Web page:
ommodore Stewart's Letter to Childs,186
133.Rebel Army at Pensacola,187
134.The Attack on Washington, Nat. Intelligencer,188
135.Maryland Commissioners' Report,190
136.New Jersey Troops--List of Officers,191
137.Faulkner, Dayton, and Seward's Correspondence,192
138.President Lincoln's Letter to Marylanders,193
139.Tilghman and Prentiss' Interview,194
140. Confederate Declaration of War,195
141.Patriotic Fund Contributions,197
142.20th Regiment N. Y. S. M. (Ulster Co.),198
143.Reverdy Johnson's Speech at Frederick, Md.,199
145.Edward Everett's Address at Roxbury, Mass.,205
146.Gen. Butler's Orders at Relay House,208
146 1/2.Motley's Letter on Causes of the War,209
147.Secession Military Act,219
147 1/2.A. H. Stephens' Union Speech at Milledgeville, Ga., Nov. 14, 1860,219
148.The English Press on the Fall of Sumter,228
149.A Prayer for the Times, (Charleston News,)230
150.Vermont Volunteers--1st Regiment,231
151.President Lincoln's Proclamat
the number necessary for a Constitutional amendment,] in whom the highest power known to the Constitution actually resides.
In a recent patriotic speech of Mr. Reverdy Johnson, at Frederick, Md., on the 7th of May, the distinct authority of Mr. Calhoun is quoted as late as 1844 against the right of separate action on the part of aw material; the extension of that culture and the prosperity which it has conferred upon the South are due to the mechanical genius of the North.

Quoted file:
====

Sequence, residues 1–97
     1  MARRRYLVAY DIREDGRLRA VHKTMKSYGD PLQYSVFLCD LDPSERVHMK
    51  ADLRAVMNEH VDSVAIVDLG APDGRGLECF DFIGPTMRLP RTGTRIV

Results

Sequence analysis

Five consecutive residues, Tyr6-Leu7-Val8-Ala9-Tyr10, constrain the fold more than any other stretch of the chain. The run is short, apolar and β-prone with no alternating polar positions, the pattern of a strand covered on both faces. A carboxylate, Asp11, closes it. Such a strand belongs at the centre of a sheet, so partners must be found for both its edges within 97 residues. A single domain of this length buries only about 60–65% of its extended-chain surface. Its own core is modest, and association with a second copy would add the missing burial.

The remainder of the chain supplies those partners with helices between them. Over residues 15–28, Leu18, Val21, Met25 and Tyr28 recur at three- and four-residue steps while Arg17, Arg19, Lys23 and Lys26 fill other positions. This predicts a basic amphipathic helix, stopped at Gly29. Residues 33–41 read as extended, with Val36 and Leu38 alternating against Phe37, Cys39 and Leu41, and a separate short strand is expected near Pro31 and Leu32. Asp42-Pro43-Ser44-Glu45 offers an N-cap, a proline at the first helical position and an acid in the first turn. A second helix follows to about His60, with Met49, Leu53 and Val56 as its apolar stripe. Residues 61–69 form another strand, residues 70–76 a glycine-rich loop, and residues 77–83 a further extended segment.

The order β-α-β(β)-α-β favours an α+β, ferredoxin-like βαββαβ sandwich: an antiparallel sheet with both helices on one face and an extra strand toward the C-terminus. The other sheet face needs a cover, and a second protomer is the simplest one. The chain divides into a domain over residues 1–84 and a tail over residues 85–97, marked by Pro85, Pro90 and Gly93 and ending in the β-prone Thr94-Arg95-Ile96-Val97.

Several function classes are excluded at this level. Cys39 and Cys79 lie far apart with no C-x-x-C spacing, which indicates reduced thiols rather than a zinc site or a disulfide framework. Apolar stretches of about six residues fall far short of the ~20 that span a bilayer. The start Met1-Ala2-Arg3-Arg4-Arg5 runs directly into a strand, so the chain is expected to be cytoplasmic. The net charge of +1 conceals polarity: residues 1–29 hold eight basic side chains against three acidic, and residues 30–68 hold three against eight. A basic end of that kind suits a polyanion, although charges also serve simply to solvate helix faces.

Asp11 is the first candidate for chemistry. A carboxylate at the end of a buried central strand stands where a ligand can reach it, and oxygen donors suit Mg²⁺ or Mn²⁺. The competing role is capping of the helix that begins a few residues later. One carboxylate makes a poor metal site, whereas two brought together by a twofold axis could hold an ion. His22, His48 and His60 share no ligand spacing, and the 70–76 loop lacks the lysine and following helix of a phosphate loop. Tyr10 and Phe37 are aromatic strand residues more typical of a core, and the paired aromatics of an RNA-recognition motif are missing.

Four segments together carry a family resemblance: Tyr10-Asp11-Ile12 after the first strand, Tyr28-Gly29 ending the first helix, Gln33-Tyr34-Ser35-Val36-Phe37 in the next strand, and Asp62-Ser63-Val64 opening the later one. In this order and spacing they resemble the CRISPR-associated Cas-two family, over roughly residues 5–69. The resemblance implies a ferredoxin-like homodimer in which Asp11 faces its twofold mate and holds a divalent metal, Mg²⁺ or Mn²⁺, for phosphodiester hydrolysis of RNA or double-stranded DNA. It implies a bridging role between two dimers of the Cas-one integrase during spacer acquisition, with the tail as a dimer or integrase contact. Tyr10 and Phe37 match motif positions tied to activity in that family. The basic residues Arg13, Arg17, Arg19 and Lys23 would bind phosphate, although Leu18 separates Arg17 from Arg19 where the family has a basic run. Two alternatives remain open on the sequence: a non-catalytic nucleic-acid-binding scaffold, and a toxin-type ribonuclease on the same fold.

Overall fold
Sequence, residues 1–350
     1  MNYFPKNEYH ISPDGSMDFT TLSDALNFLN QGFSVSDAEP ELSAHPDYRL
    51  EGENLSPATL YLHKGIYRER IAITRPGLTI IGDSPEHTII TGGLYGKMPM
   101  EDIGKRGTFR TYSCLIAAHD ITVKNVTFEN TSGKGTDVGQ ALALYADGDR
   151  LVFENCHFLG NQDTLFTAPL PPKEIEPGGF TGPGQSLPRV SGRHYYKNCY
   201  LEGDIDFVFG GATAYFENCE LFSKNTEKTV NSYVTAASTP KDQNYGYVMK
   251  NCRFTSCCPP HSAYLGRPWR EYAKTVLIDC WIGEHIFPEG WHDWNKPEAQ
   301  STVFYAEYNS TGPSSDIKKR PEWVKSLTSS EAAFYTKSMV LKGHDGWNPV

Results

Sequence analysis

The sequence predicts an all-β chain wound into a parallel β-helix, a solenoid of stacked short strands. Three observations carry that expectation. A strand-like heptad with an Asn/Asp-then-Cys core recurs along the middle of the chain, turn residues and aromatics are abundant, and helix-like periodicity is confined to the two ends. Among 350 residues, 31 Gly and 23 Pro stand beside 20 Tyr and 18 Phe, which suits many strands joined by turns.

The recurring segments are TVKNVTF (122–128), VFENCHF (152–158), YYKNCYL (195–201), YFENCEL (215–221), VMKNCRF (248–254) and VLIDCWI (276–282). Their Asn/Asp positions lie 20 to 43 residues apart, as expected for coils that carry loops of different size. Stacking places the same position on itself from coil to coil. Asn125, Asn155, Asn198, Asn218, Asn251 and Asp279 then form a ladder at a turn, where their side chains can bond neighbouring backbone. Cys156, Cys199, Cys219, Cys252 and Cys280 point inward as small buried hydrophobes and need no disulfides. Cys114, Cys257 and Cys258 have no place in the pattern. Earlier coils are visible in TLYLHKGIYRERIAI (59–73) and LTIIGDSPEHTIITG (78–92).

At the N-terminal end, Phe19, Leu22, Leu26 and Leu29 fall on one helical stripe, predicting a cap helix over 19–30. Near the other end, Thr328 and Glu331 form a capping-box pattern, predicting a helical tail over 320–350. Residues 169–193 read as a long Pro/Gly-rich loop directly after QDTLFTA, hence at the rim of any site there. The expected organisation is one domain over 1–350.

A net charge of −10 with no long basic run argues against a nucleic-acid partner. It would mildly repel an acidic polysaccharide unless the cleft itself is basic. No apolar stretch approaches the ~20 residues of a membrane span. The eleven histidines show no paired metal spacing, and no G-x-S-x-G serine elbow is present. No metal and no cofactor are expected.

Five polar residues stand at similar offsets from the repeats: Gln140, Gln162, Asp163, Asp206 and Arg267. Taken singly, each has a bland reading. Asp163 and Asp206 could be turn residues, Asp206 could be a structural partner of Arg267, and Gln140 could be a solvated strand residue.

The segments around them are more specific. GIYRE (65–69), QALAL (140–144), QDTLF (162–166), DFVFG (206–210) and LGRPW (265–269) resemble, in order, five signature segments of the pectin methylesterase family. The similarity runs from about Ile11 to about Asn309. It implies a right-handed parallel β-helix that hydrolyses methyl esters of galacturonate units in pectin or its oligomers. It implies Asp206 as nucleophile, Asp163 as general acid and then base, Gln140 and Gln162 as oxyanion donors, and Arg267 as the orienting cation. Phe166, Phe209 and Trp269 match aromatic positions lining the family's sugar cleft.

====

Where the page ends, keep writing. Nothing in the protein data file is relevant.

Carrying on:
What says Mr. Justice Johnson of the Supreme Court of the United States, and a citizen of South Carolina? With regard to the utility of this discovery (the cotton gin of Whitney) the cour on the loyal citizens of Western Virginia; they are straining at the leash in Maryland and Kentucky; Tennessee threatens to set a price on the head of her noble Johnson and his friends; a civil war rages in Missouri.
Why, in the name of Heaven, has not Western Virginia, separated from Eastern Virginia by mountain ridges, by clim
y could not hold that, as matter of law and regular political action, their ratification deed of May 23d, 1788, is repealed by their late ordinance.
Most truly and respectfully yours, Geo. T. Cubtis. Mr. Everett.
Appendix B, p. 22.
Hon. Reverdy Johnson to Mr. Everett.
Baltimore, 24th June, 1861. my dear Mr. Everett .
I have your note of the 18th, and cheerfully authorize you to use my name, as you suggest.
The letter I read in the speech which I made in Frederick, should be conduced, seemingly without knowing it, in his later life, to surrender to section what was intended for the whole, his great powers of analysis and his extraordinary talent for public service.
If such a heresy, therefore, as constitutional secession could rest on any individual name, if any mere human authority could support such an absurd and destructive folly, it cannot be said to rest on that of Mr. Calhoun.
With sincere regard, your friend, Reverdy Johnson. Hon. Edward Everett, Boston.